New orders for manufactured goods in the US plunged 4% in the month of August. The contraction follows a downwardly-revised 0.7% gain in orders in July. The data, first reported by the Commerce Department, is worse than expected, as economists were expecting a number closer to 3.0%. Factory orders had been positive for five consecutive months before this month’s report.
Excluding the 9.1% drop in transportation orders, factory orders fell 3.3%, the biggest drop since September 2001. Orders for core capital equipment goods, the kind of tools businesses invest in order to expand or update their productive capacity, fell 2.4%, the biggest drop since January 2007. Shipments of core capital equipment fell 2.1%.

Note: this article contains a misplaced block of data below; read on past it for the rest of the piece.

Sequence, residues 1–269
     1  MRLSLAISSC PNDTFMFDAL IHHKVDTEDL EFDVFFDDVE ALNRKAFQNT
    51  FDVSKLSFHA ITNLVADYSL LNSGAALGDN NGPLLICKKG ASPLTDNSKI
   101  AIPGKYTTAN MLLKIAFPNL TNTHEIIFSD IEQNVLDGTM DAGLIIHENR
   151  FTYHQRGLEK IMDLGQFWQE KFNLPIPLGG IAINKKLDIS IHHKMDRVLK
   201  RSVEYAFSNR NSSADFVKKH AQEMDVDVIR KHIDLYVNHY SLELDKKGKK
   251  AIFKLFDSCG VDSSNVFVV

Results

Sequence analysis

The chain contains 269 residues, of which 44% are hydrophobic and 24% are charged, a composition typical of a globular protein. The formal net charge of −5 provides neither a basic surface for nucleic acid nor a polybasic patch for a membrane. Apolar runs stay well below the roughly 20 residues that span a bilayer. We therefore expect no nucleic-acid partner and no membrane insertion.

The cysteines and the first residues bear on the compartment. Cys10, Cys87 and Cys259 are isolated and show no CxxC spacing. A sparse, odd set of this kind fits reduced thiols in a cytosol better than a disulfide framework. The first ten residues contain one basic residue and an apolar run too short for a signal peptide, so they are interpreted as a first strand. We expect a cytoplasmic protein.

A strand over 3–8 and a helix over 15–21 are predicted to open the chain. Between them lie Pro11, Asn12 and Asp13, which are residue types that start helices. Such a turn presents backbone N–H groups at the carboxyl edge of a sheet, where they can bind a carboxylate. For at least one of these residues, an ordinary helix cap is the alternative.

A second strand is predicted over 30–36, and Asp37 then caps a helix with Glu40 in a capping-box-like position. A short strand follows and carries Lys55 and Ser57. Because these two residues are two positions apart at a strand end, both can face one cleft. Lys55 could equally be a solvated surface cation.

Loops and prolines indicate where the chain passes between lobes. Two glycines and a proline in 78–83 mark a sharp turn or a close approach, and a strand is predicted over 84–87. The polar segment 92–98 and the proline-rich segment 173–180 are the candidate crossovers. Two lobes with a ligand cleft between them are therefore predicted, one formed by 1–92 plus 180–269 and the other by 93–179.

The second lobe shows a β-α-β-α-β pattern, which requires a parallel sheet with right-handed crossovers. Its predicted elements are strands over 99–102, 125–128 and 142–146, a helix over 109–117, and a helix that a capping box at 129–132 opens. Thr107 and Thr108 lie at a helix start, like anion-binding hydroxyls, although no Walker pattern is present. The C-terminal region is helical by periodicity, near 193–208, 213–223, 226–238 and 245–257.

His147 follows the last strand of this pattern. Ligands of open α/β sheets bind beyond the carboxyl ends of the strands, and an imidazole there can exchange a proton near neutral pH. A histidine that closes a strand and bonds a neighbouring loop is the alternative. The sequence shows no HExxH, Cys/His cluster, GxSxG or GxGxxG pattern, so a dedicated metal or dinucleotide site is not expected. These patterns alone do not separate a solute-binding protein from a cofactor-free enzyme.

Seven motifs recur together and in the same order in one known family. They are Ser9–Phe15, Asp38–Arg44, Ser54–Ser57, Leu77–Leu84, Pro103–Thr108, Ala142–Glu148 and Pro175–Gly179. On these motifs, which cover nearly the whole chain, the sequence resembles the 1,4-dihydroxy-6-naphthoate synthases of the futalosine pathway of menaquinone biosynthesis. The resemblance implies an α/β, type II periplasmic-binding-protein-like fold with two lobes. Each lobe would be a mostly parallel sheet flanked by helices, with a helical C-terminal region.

There were few bright spots in the report. Orders for electronics rose 2%, boosted by a surge in orders for defense communications equipment and a 4% increase in orders for computers.
Orders for primary metals fell 9.6%, the largest drop in 15 years.
Orders for machinery fell 6.6%.
Orders for transportation goods fell 9.1%, including a 10.6% drop in orders for motor vehicle parts and a 38% drop in orders for civilian aircraft.
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